Diocesan News

Feast of Our Lady of Guadalupe Returns to Co-Cathedral with Huge Gathering

  • Bishop Robert Brennan, assisted by retired Auxiliary Bishop Octavio Cisneros, lights the torches of Guadalupanos who carried the flames back to their parishes. An estimated 38 parishes continued celebrations for the Feast of Our Lady of Guadalupe. (Photos: Bill Miller)
  • Bishop Robert Brennan delivered his homily in Spanish during the Feast of Our Lady of Guadalupe Mass, Sunday, Dec. 12, in the Co-Cathedral of St. Joseph.
  • An estimated 1,000 Guadalupanos representing parishes throughout the Diocese of Brooklyn filled the Co-Cathedral of Saint Joseph Sunday, Dec. 12 for the Feast of Our Lady of Guadalupe.
  • A standing-room-only congregation for the Feast of Our Lady of Guadalupe was augmented by crowds in the undercroft and at the front steps of the Co-Cathedral of St. Joseph.
  • Father Gesson Agenis, parochial vicar at St. Rosalia-Basilica of Regina Pacis, climbs into his commemorative hoodie before leading Guadalupanos back to his parish in Dyker Heights/Bensonhurst. The basilica is about five miles away from the co-cathedral.


‘Que Viva Nuestra Señora’

PROSPECT HEIGHTS — The Feast of Our Lady of Guadalupe filled the Co-Cathedral of St. Joseph with a standing-room-only congregation on Sunday, Dec. 12, and Bishop Robert Brennan led the devotees — the Guadalupanos — in dynamic veneration of the Blessed Mother.

Three times, Bishop Brennan proclaimed, “Que vive Nuestra Señora de Guadalupe! (Our Lady of Guadalupe lives!).” Each time, the massive assembly shook the co-cathedral with the response, “Que vive!”

The overflow gathering, estimated at approximately 2,000 people, had come to honor the Blessed Virgin Mary, who in 1531 appeared to Juan Diego on the hill of Tepeyac, Mexico, bringing hope to marginalized and maligned people of the Americas. Under the title of Our Lady of Guadalupe, Mary is cherished in the Hispanic and Latino communities as a figure of God’s love and hope.

“Oh, my goodness, this is just overwhelming,” Bishop Brennan said after lighting the torches of Guadalupanos and sending them on processions back to their home parishes in the Diocese of Brooklyn.

“The faith of the Mexican people under the protection of Our Lady of Guadalupe is an inspiration for all of us in the various countries, including in the United States,” Bishop Brennan added. “And so we will place ourselves under her protection.” He called the love and joy surrounding her Dec. 12 feast day “contagious.”

Many commented that the massive turnout to mark the day was a big rebound from the 2020 celebration, when distancing protocols for the COVID-19 pandemic limited the co-cathedral’s attendance to about 220 people.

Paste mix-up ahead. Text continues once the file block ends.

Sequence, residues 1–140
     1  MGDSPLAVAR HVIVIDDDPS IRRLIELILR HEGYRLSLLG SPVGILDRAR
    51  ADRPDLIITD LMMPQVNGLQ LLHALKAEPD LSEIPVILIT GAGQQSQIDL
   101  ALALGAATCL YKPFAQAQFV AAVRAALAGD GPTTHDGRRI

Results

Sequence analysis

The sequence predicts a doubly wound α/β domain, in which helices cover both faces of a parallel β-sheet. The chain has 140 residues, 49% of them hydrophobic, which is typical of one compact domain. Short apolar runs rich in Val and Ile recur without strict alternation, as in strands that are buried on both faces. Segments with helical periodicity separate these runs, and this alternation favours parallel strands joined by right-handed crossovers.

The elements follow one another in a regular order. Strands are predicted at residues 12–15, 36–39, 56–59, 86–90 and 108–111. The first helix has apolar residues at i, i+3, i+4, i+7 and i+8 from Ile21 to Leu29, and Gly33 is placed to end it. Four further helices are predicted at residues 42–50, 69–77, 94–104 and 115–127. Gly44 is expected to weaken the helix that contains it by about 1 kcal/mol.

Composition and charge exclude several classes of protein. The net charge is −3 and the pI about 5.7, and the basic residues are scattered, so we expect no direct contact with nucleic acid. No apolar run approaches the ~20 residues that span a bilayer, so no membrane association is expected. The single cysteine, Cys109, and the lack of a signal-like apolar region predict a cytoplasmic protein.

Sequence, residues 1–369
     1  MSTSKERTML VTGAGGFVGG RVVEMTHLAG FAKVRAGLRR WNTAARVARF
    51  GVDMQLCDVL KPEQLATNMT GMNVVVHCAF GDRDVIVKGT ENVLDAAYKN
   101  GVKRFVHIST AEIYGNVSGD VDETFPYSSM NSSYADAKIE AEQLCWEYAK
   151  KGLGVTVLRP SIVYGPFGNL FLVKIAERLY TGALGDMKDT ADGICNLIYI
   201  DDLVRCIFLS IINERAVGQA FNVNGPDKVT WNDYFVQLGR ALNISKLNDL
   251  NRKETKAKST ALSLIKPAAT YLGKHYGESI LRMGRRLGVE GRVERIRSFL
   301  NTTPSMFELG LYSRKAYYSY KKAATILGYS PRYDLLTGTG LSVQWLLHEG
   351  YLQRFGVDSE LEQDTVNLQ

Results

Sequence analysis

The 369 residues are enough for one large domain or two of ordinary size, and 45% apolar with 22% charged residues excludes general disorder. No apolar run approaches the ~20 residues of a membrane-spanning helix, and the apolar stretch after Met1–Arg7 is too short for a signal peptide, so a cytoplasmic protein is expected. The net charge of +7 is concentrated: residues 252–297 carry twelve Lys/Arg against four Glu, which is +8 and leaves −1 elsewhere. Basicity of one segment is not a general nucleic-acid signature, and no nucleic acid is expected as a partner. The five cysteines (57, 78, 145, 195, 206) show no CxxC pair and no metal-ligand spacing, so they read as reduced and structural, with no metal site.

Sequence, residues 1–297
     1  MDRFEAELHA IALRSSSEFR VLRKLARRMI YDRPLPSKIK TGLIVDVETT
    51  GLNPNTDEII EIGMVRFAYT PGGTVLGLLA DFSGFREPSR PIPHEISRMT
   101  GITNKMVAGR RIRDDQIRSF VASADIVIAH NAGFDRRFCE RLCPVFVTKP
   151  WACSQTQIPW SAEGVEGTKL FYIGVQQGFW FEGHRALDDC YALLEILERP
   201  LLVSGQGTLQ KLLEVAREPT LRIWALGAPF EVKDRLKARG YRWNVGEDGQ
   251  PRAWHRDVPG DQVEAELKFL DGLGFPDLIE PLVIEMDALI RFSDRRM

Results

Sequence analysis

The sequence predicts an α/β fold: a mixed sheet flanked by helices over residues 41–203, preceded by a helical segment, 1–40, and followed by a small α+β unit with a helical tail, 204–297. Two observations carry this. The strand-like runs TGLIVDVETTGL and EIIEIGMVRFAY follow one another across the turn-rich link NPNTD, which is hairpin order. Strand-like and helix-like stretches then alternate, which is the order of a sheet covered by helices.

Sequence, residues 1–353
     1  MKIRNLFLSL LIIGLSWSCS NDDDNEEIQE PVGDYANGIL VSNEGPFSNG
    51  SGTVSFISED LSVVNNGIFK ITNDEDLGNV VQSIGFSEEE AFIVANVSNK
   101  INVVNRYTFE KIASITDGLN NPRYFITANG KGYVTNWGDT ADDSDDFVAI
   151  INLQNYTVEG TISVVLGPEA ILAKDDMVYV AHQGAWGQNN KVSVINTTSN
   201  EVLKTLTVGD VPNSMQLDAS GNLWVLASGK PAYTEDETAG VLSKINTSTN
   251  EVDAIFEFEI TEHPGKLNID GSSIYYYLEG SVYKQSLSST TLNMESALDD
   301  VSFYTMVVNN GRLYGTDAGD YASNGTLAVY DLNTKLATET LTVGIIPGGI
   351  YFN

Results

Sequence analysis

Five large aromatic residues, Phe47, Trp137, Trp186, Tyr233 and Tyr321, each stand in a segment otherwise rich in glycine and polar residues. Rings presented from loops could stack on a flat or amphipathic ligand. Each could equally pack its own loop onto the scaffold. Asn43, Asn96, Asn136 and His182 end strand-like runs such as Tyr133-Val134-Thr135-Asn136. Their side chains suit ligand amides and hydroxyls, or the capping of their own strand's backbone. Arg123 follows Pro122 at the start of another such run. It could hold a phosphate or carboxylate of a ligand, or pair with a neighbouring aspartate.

The 2021 experience, while not officially a feast on the Church’s liturgical calendar because Dec. 12 fell on a Sunday, saw Guadalupanos from an estimated 38 parishes in Brooklyn and Queens lining the co-cathedral walls.

The building’s undercroft was also packed with the faithful, many in cultural garb for the holy day. They watched the Mass on a large screen via livestream from upstairs. Even more stood outside on Pacific Street, which was blocked to traffic.

Numerous participants wore commemorative brown hoodies and navy blue sweatpants, along with their face masks. The hoodies bore the iconic image of the Lady of Guadalupe with the saying, “Recibid La Luz de Cristo (Receive the Light of Christ).”

The Mass was concelebrated by retired Auxiliary Bishop Octavio Cisneros and Father Christopher Heanue, rector of the Co-Cathedral of St. Joseph. The liturgy was in Spanish, including Bishop Brennan’s homily.

He referred to the Gospel reading, Luke 3:10-18, in which people who admired John the Baptist asked if he was the Christ, but he responded emphatically, no.

“John could have allowed the crowd to follow him as messiah,” Bishop Brennan said, “but he knew he was not the messiah. Rather, quoting Scripture, John led people to Christ, saying, ‘It is true that I baptize with water, but one mightier, more powerful than me is coming because I do not deserve to untie the straps of his sandals.”

Bishop Brennan said the good news proclaimed by John the Baptist “is good news for us,” because “Jesus, crucified and risen, is alive.”

He referred to the plan of many to proceed to their own parishes. “Some of you are going to carry the torch from this co-cathedral to your parishes. It is a sign of the task of each one of us: to always carry the light of Christ in our communities.”

Designated torch bearers received their flames from Bishop Brennan, and the rest of the Guadalupanos followed them back to their parishes, where the spirit of the feast continued.

There were no such processions last year, although Bishop Nicholas DiMarzio did light a single torch to symbolize the tradition. The torch was handed to the teenage nephew of Father Jorge Ortiz-Garay, pastor of St. Brigid Parish in Brooklyn, who was the first priest in the U.S. to die of COVID-19.

Before his death, Father Ortiz-Garay, a native of Mexico, was director of the Mexican Apostolate for the Diocese of Brooklyn. For many years he organized the annual Feast of Our Lady of Guadalupe. At his side was Eli Soriano, who also helped organize this week’s celebration with the apostolate’s new director, Father Baltazar Sanchez Alonzo, administrator of Saint Mary Gate of Heaven Parish in Ozone Park, Queens.

Soriano said after the Mass that Father Ortiz-Garay would have been proud to see the co-cathedral filled to the brim.

“Father Jorge is no longer here,” he said. “But we all spoke about him at the end of the Mass. We were thinking about his presence.”